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Join Date: 26 Aug 2002
Location: Deep East Texas
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Maat Tarot Study Group - Strength


The new lunar cycle proceeds under the eyes of the Gemini, the Twins, who like to manifest themselves at a line of division. This time it's the line marking the end of the Holly King's reign and the beginning of the Oak King’s, which is to say at the Winter Solstice. The Twins were present at the Summer solstice, too, but by day. This time they come by night. And nowhere does one see the night more beautifully interpreted than in the Maat tarot.

But Twins are not limited to the doorways of the year. According to ancient Egyptian mythology they also appear at dawn and dusk. In the Maat, we see the dark twin, a beautiful black man, drawing back the curtain of night. He seems to be standing with one foot in water and one on earth. The bright twin in the form of a lioness kneels down, perhaps to touch her brother's other form (the redder lion reflected in the water) so that he can take the sun from her mouth and place it up in the sky.

A long, lazy necklace of suns proceeds from her open mouth and loops around her brother creating an “8.” But the top loop of this "8" is much smaller than its bottom loop—which is the form of the analemma, the figure the sun traces upon the earth during the course of each year. Up above these Twins, the night sky has not yet disappeared. We see stars, bright and dim, singly and in drifts, some of which outline a woman’s form. She is Nut, the Egyptian goddess of the night sky and her face appears just above the dark twin’s left hand. Another “8,” one with equal loops, crowns her. We have twinned “8s.”

So what’s the deal with all these twins and how do they relate to strength?

In mythology are numerous divine or semi-divine twinsets, sometimes identical, more often not. They are frequently associated with animals and may take that form. They are almost always the offspring of an immortal father and a mortal mother. Perhaps for that reason they tend to be kind to human beings. The fraternal sets may be very unlike; in fact, dissimilarity seems to be the point. One twin could be animal, the other not; one could be mortal, the other not, one could be flesh and blood, the other a disembodied spirit. The only point at which these twins must match is this: between them they must account for the totality of whatever they represent—like day and night, heaven and earth, plants and animals. Body and soul. In the Maat’s “Strength” we also see a year and eternity, water and land, and “as above so below.”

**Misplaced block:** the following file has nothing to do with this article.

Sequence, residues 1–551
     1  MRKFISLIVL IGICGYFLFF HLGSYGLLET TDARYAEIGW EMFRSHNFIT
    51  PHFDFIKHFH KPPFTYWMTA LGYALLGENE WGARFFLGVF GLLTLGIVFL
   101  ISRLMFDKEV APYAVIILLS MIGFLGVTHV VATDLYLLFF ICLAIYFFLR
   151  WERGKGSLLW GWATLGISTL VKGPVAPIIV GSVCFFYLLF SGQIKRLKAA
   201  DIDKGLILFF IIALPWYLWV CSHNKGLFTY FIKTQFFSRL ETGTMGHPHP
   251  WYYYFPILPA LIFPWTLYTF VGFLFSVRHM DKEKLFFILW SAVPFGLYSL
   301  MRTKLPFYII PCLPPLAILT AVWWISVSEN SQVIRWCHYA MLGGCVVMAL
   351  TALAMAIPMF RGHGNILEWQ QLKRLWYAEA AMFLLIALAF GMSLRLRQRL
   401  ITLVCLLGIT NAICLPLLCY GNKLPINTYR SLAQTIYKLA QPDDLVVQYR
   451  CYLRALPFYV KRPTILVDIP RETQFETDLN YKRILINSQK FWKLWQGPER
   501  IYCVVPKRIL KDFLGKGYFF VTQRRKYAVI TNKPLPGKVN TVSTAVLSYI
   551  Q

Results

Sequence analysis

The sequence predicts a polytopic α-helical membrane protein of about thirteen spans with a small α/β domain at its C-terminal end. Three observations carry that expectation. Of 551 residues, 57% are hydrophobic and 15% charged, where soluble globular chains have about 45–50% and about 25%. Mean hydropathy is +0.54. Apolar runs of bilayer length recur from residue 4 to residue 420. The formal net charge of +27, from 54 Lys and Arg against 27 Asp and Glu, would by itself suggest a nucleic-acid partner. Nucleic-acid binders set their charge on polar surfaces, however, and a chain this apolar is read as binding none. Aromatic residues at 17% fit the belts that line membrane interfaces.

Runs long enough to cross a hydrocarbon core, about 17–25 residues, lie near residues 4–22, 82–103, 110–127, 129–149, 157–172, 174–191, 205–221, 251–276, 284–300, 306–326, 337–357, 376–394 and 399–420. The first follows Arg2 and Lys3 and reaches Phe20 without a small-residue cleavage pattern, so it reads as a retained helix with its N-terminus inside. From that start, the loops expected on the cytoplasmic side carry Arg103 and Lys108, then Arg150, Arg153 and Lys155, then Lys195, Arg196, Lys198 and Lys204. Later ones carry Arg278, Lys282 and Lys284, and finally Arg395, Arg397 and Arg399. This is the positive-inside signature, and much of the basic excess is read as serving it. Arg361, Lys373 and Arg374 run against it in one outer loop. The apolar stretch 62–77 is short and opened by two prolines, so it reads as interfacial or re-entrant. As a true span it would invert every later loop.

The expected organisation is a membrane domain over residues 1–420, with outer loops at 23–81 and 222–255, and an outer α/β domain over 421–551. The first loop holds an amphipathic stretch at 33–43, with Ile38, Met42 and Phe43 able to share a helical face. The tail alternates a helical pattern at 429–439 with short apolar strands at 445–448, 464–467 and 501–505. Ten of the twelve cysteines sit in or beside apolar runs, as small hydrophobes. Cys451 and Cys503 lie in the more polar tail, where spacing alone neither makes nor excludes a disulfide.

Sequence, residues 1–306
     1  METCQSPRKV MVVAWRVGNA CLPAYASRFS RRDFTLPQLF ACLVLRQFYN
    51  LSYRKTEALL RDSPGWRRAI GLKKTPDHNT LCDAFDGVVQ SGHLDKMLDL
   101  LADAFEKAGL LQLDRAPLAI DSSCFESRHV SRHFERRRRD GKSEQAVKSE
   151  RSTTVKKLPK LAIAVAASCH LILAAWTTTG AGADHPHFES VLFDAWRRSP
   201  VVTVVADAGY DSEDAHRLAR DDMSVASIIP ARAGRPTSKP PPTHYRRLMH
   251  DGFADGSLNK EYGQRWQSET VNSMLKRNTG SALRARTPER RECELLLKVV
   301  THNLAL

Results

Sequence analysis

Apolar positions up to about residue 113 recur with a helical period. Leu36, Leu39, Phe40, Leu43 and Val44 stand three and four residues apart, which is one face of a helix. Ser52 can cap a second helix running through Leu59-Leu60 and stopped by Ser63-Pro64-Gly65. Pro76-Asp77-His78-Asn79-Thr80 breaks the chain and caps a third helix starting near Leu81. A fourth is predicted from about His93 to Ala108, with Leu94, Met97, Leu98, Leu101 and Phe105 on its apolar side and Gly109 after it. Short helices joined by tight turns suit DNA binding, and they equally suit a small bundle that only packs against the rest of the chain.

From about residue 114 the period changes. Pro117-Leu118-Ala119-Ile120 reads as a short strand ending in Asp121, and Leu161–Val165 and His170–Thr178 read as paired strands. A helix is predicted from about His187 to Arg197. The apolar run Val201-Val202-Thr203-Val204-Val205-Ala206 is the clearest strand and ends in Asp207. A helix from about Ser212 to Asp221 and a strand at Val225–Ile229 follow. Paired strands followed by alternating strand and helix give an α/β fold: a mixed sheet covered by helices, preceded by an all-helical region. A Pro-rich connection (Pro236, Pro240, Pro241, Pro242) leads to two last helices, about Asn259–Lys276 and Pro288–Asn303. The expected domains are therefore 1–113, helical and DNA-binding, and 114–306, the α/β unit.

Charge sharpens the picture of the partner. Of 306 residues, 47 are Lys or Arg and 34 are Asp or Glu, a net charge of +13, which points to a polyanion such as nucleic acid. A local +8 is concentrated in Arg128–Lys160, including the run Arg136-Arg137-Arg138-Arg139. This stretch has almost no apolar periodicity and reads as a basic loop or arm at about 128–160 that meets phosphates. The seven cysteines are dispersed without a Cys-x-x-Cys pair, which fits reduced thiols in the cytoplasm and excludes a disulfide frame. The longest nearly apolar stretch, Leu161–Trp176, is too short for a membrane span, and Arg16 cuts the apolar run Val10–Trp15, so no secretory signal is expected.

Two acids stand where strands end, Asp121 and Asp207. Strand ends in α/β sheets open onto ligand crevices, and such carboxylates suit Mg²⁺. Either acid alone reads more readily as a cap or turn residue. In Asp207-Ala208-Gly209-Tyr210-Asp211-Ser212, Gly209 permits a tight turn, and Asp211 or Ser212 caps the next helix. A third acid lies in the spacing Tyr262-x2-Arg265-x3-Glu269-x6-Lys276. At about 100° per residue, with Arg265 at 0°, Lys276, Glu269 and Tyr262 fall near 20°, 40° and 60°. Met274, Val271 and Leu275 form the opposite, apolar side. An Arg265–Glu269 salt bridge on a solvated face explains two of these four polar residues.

That last phrase is important to pagans and means pretty much what it says: that everything in the cosmos will be mirrored on earth. For physical issues, that’s scarcely an article of faith. Rock dust on Mars is the same as rock dust on Earth. Our sun is one of many. The laws of physics seem to operate predictably on nearby objects at least, and one of these laws is that matter-energy is eternal. We were part of a star, once. We may be again. Yes, it’s material stuff. Easy. You can see it, touch it, do transformations on it. It’s the bright twin.

The dark twin, now—the beautiful one, so strong and so balanced. He may not be so easy. He may be transparent to our eyes and intangible on our skins. We may not be able to tell if he’s there. But he’s not unthinkable if we are strong enough.

“I think” is the key for this cycle (Maat, p. 53). And that's the Strength.
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